Tuesday, 22 July 2014

On digital piracy. (Part One)


(Photo credit to Schwadron)
In the past, pirates were known as the squashbuckling, one-legged, eyepatch-wearing Captain Jack Sparrow-type of sailors who would brave the seas in search of precious treasures (or 'booty', as it was known). They were the outlaws of the sea, the mavericks who were both celebrated and deplored by many in their time.

However now, the digital age has brought along its own (rather less exciting) type of 'pirate'.
The treasure for today's pirates is no longer a chest of fine precious jewels, but instead perhaps an entire series of 'Game of Thrones', Ed Sheeran's latest album or the Football Manager video game- all of which are accessible easily via 'torrents', files that direct your computer to download larger ones, be it an MP3 album, a film, or anything.

Whereas to purchase Football Manager 14 from a shop, I'd have to locate the item and travel to my nearest game stores (leaving the house, oh!) to lump out 35 of my pounds, via torrenting I can get this for free, completely. All without leaving my house, right on my computer, not a pound lost from my pocket.

That's largely where the appeal of digital piracy lies- you can get something of value that you desire for free. And in the day of almost all media (even books) now being on digital platforms, you can get quite a lot.

To many, this practice raises serious moral issues, and perhaps rightly so. Is there really a difference between torrenting Fast and Furious 6 and simply walking into my nearest HMV, grabbing a copy of it from the shelves and walking out without paying? On the surface, there is little difference- in both cases you have obtained something of value that was not given willingly to you for free by the creator(s).

However, many people fail to take into account such a link, the reason why digital piracy is far more widespread than shoplifting- and it's unsurprising why many of us do not see digital piracy, perhaps irrationally, as a direct equivalent to shop theft.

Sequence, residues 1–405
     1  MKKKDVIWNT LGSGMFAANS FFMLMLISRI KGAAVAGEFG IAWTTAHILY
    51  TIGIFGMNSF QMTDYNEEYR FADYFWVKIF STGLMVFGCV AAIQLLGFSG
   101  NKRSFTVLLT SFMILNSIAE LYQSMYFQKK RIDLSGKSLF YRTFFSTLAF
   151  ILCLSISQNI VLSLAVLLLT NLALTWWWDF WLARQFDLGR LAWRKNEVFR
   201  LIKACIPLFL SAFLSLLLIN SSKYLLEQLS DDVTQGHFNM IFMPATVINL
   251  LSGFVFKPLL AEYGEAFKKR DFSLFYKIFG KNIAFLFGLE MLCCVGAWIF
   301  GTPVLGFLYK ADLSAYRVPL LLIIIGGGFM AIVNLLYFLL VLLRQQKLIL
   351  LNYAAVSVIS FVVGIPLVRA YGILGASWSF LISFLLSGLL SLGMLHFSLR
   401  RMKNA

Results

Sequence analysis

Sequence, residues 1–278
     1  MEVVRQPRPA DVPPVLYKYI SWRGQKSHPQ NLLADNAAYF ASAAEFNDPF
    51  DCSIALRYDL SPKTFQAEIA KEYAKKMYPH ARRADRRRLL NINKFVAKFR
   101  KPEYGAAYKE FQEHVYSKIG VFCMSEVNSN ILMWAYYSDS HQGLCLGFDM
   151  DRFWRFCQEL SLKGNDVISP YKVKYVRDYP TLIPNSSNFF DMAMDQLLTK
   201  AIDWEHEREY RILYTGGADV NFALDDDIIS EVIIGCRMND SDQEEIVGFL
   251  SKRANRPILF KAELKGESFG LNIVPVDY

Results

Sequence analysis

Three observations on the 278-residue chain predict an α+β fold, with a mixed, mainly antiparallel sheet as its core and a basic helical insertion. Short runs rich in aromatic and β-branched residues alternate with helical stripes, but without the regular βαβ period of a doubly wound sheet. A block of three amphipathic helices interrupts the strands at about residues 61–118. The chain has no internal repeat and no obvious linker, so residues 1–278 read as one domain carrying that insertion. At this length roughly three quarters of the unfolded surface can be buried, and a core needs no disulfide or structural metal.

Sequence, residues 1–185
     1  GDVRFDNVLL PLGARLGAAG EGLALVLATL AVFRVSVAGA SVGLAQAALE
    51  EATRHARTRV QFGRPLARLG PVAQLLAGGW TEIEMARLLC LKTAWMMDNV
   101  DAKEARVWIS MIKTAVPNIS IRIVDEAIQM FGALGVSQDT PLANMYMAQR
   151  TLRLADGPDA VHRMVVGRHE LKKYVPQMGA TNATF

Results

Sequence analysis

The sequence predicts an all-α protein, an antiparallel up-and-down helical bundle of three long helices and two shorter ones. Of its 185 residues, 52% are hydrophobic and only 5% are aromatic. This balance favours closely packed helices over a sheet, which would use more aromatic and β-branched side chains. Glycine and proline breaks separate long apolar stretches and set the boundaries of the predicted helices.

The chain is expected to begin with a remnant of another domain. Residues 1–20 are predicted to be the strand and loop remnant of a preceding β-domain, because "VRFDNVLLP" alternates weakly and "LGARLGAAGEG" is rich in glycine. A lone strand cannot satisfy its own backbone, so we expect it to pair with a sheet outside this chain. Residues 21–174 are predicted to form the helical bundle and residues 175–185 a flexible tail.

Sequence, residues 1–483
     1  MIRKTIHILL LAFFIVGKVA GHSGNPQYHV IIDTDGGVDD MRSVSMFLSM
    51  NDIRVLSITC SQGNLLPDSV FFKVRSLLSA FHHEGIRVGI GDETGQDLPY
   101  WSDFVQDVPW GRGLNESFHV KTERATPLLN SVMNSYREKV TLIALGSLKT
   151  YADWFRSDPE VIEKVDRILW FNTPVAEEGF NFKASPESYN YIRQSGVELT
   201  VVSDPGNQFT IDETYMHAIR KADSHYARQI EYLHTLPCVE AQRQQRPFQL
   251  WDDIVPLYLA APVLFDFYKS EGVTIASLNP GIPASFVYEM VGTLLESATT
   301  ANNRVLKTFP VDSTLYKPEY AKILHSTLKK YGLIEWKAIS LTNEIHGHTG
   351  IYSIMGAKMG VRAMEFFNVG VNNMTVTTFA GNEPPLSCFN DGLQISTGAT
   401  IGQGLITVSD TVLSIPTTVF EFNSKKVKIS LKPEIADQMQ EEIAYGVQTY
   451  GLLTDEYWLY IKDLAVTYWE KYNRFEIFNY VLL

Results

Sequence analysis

The internet has hugely affected our behaviour- most notably due to the fact that it provides a proxy between communicators, it provides an environment in which relationships are usually more detached, separated by a screen.
This separation is clear in how confidence is gained by many internet users who, in the real world, have very little- cyberbullies, 'trollsters' and whatnot are largely of this type.

The lack of interpersonal communication during the process of torrenting makes it a much more appealing prospect than outright shop theft; when on the internet alone, you feel there is no one watching you (something in fact untrue), so there's no one that provides a reaction to your torrenting, there's no one to catch or stop you. This is an environment that is far more conducive to theft.

This nature is shown in the statistics- as of 2011, 42% of software running in the world was pirated, 95% of music downloaded online was pirated, and two-thirds of all torrents were illegal. Three years on, illegal downloads have continued to grow in popularity. It's clear- the world is full of digital piracy.

At the end of the day, digital piracy is the same as theft from a store. We have all been guilty of it, but perhaps we need to change our attitudes towards it; we wouldn't steal directly from a shop, so why should we steal online?

But actually, on the other hand, does digital piracy actually matter? Does your downloading of a piece of media really have any negative impact on the multi-millionaire producers of the things we download?

We'll be exploring that in the next article. Stick around.


SOURCE(S):

Online Piracy in Numbers – Facts and Statistics [Infographic] www.go-gulf.com/blog/online-piracy/ (2011)

Mohammad Lone Editor